R&D
  • Dual-Fuel™ Engine Having Multiple Dedicated Controllers Connected by a Broadband Communications Link
  • MicroPilot™ – the Next Generation Dual-Fuel™ Technology
  • European Grant – Dual-Fuel™ Engine Having Multiple Dedicated Controllers Connected by a Broadband Communications Link
  • Method and Apparatus for Controlling Transition between Operating Modes in A Multi-Fuel Engine
Clean Air Power Announces Australia Grant:- Dual-Fuel™ Engine Having Multiple Dedicated Controllers Connected by a Broadband Communications Link (granted under Australian Patent 2003208949) covers future development of Dual-Fuel™ technology.

This Australian patent applies to a Dual-Fuel™ engine control system comprising at least two controllers communicating within a Controlled Area Network (CAN). The CAN is the state-of-the-art computer network that enables one electronic control unit (ECU) to speak to another, including any controller in the vehicle that is capable of communication within the CAN.

Currently, all vehicle system communication is managed by CAN technology. By patenting the use of the CAN communication protocol for Dual-Fuel™ applications, Clean Air Power has a competitive advantage and has protected its future products against competitor systems.

The use of the CAN gives Clean Air Power the benefits of the standard communication protocol and delivers the best technical approach for system integration. Clean Air Power holds corresponding patents in US and Europe under Patent No. 6,694,242 and 1,485,599, respectively.

MicroPilot™ – the Next Generation Dual-Fuel™ Technology (US Patent 6,598,584 and EU Patent 1,234,966 titled “Gas-Fuelled, Compression Ignition Engine with Maximized Pilot Ignition Intensity)
In addition to current Dual-Fuel™ technology, Clean Air Power is constantly looking to the future, developing new solutions to cut emissions and reduce operator costs. One such project is MicroPilot™, the subject of a milestone technical paper that showed how engine emissions can be dramatically reduced by lowering the quantities of diesel pilot injections.

This pioneering work showed that smaller diesel pilot injections comprising 1-2 percent of the total fuel, can reduce NOx emissions by over 80 percent, while reducing CO2 emissions even further.

The MicroPilot™ engine produces low emissions that are equivalent to those of a spark-ignited, lean-burn natural gas engine, while retaining the high efficiency and power density of a diesel engine. With recent advances in fuel injection technology, the Directors of Clean Air Power believe that MicroPilot™ could be applied to heavy-duty engines.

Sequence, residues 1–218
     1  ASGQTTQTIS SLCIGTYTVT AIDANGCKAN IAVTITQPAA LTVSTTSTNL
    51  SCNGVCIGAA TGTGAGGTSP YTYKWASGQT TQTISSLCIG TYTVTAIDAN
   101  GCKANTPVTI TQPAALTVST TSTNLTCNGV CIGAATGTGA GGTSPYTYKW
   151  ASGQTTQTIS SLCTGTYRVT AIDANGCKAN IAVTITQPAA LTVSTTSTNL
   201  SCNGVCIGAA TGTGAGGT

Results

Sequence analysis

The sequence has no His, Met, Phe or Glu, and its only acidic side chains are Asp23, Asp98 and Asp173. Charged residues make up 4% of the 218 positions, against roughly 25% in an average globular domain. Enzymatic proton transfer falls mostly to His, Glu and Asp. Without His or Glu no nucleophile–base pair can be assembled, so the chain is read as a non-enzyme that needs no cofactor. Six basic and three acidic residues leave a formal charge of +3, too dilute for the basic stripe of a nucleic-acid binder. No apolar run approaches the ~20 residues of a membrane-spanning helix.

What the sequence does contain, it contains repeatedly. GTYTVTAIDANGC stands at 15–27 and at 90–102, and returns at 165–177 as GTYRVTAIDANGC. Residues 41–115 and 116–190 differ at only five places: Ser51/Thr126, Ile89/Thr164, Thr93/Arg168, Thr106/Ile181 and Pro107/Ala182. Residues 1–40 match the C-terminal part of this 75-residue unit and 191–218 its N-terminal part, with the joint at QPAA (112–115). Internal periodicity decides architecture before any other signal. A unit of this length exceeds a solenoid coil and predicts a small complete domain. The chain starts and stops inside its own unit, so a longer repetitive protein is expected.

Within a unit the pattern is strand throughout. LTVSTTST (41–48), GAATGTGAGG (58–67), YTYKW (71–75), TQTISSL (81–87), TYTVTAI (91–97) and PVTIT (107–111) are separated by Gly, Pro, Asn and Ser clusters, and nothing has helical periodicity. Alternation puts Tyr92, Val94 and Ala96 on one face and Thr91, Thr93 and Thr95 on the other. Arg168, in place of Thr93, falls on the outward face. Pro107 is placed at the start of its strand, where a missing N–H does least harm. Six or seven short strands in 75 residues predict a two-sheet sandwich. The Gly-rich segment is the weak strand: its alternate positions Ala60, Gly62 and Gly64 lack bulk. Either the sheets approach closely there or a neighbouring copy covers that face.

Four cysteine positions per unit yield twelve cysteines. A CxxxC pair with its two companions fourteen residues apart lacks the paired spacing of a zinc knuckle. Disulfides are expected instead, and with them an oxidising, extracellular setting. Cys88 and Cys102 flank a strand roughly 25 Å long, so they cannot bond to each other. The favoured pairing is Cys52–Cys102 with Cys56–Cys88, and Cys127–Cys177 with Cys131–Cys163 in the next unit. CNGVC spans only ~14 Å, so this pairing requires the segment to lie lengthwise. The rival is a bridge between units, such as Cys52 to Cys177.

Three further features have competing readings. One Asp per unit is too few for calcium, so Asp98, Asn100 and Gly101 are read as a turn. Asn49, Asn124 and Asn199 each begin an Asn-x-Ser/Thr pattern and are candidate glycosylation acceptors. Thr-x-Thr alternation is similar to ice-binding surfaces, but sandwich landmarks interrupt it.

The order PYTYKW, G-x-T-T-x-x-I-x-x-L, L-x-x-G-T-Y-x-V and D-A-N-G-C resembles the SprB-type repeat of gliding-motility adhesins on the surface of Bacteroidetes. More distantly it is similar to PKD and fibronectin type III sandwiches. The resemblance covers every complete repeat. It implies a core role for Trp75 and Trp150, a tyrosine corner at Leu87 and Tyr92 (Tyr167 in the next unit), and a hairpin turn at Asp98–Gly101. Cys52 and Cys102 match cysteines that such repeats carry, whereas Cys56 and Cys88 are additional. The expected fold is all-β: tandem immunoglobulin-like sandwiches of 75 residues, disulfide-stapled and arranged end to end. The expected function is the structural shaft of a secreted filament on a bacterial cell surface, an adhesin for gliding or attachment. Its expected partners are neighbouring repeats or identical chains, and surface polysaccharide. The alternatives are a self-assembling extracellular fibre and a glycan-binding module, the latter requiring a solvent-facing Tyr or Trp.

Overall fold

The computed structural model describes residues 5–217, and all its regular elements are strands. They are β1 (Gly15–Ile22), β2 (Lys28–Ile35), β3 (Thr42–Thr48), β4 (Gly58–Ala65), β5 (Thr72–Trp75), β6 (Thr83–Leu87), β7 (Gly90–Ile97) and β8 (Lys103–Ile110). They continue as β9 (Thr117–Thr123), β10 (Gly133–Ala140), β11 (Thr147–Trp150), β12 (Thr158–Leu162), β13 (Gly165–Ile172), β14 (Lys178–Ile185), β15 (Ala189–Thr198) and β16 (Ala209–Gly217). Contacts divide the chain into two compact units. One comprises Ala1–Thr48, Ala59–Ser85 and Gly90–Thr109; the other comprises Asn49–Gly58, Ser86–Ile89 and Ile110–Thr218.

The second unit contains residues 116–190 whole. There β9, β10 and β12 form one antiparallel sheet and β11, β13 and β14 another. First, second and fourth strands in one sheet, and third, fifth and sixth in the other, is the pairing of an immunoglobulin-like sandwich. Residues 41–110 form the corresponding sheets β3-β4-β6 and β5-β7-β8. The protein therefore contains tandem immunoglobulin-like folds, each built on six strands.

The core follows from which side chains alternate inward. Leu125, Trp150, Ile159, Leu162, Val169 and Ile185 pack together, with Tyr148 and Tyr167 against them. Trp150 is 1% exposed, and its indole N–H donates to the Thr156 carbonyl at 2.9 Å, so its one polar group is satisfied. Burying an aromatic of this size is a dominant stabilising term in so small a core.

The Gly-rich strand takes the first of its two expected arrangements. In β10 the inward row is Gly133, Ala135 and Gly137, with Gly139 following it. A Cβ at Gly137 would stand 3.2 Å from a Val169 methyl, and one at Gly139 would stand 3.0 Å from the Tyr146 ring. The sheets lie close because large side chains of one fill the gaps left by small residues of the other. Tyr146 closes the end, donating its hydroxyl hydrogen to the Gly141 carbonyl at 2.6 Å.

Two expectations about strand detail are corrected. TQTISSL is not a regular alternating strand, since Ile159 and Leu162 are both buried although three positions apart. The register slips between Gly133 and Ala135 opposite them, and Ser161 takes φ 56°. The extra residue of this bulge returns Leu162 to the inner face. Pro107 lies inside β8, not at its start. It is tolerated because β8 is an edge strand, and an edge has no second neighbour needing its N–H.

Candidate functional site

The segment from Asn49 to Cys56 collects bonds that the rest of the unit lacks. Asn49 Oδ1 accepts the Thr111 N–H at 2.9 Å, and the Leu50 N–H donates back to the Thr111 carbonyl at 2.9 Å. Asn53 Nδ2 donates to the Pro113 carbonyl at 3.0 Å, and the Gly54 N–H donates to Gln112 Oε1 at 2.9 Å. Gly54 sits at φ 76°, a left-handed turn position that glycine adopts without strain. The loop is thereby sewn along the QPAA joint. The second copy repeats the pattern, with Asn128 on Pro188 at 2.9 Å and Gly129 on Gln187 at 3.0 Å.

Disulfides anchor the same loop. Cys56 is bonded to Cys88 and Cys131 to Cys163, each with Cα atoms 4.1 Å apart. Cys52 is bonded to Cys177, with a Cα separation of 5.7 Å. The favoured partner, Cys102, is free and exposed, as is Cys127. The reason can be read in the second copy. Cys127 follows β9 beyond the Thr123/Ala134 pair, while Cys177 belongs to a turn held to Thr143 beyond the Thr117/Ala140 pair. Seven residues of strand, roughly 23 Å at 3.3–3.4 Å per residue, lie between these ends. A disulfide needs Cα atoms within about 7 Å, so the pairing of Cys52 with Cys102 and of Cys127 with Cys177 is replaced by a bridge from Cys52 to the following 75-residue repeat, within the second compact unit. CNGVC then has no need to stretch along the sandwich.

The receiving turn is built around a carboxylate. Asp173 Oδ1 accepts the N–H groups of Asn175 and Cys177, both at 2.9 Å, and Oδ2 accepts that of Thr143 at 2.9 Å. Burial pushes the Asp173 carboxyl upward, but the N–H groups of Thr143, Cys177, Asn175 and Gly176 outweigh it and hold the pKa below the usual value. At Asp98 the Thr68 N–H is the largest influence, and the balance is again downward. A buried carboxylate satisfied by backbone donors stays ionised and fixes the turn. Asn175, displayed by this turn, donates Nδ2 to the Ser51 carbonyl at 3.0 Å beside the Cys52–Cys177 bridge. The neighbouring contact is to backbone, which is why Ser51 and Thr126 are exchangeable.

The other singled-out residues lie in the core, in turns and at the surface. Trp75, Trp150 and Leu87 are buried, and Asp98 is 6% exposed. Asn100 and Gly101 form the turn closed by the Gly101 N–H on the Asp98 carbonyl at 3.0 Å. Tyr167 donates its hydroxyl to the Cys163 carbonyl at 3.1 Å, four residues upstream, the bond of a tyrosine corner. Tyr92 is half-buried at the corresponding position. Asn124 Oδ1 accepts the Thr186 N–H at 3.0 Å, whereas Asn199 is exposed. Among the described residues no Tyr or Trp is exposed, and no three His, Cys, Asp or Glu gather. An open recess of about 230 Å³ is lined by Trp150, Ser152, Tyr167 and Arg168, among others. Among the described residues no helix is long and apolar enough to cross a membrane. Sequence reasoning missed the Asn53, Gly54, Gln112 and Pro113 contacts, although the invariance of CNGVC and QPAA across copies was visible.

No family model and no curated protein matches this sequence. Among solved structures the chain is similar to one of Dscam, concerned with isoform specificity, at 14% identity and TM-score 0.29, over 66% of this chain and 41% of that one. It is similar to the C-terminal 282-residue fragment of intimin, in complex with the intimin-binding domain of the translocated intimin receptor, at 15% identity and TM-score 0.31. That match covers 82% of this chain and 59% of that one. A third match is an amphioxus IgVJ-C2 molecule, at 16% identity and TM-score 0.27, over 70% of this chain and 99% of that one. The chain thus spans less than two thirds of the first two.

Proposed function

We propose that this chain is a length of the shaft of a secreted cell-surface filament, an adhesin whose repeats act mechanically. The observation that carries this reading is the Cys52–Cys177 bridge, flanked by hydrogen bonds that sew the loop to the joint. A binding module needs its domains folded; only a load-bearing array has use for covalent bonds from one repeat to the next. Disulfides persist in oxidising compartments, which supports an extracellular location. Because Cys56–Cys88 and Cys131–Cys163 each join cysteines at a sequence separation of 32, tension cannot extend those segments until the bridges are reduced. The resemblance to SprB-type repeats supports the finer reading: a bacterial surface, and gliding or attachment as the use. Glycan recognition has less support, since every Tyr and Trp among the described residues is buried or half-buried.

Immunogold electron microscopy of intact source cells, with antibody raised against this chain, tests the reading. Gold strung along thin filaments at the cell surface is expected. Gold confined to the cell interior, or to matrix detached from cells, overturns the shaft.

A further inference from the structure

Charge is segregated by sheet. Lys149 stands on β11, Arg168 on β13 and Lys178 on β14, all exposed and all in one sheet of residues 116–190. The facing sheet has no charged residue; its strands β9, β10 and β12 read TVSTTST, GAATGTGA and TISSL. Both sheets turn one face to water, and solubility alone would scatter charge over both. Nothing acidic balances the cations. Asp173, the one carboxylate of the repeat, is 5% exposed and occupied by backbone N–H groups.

Dual-Fuel™ Engine Having Multiple Dedicated Controllers Connected by a Broadband Communications Link (granted under Patent EP 1,485,599) covers future development of Dual-Fuel™ technology.

This European patent applies to a Dual-Fuel™ engine control system with at least two controllers communicating within a Controlled Area Network (CAN). The CAN is the state-of-the-art computer network that enables one electronic control unit (ECU) to speak to another, including any controller in the vehicle that is capable of communication within the CAN. Currently, all vehicle system communication is managed by CAN technology.

By patenting the use of the CAN communication protocol for Dual-Fuel™ applications, Clean Air Power has a competitive advantage and has protected its future products against competitors. The use of the CAN gives Clean Air Power systems the benefits of the industry’s standard communication protocol and delivers the best technical approach for system integration. The corresponding US patent 6,694,242 was granted in February 2004.

Method and Apparatus for Controlling Transition between Operating Modes in a Multi-Fuel Engine was issued on 18th September 2007, US Patent 7,270,089 This patent discloses the engine control method that enables a smooth transition between operation modes in a Dual-Fuel™ or other multimode engine. Smooth transition between operation modes is crucial to the success of any multi-fuel engine.

The corresponding patent applications have been filed in Europe and Australia.


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